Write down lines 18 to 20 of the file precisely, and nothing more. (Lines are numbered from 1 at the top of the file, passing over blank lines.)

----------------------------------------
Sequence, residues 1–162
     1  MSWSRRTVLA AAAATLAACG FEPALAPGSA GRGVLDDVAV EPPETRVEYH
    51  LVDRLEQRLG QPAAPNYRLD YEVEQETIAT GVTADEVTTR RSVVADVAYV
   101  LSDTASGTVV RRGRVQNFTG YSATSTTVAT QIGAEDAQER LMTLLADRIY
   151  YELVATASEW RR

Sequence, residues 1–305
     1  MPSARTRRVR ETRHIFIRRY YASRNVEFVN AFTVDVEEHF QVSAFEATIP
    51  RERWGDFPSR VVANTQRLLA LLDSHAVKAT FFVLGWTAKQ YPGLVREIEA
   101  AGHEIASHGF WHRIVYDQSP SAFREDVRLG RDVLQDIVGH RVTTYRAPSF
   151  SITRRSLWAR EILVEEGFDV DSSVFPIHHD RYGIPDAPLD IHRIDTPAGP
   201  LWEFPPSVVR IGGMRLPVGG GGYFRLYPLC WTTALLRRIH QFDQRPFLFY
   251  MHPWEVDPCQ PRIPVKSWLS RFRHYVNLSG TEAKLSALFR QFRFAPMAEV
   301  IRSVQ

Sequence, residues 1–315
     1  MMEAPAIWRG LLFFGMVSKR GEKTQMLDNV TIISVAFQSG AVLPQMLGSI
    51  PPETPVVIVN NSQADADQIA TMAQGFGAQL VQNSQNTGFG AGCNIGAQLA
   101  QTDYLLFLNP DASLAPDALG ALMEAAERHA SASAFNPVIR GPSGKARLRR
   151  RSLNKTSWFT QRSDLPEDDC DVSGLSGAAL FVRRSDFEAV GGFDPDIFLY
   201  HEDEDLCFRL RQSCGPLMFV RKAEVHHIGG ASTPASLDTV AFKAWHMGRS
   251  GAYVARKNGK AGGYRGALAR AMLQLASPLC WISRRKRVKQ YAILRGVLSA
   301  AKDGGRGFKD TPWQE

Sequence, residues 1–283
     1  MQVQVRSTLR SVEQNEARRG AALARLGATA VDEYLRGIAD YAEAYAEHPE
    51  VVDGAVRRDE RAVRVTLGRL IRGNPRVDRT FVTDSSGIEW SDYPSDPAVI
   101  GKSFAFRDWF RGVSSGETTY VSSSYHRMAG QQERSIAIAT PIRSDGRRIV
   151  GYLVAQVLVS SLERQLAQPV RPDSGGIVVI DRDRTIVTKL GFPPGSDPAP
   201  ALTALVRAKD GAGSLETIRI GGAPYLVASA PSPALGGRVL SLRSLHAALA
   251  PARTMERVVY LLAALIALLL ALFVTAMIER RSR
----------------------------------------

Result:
   151  RSLNKTSWFT QRSDLPEDDC DVSGLSGAAL FVRRSDFEAV GGFDPDIFLY
   201  HEDEDLCFRL RQSCGPLMFV RKAEVHHIGG ASTPASLDTV AFKAWHMGRS
   251  GAYVARKNGK AGGYRGALAR AMLQLASPLC WISRRKRVKQ YAILRGVLSA